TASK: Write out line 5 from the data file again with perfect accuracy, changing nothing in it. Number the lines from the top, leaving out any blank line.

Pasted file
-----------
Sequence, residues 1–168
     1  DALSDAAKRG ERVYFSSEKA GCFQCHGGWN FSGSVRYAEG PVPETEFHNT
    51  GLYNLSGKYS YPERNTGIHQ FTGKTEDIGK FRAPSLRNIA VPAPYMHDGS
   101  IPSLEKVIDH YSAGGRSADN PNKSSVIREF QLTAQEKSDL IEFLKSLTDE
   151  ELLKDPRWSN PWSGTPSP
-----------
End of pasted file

   151  ELLKDPRWSN PWSGTPSP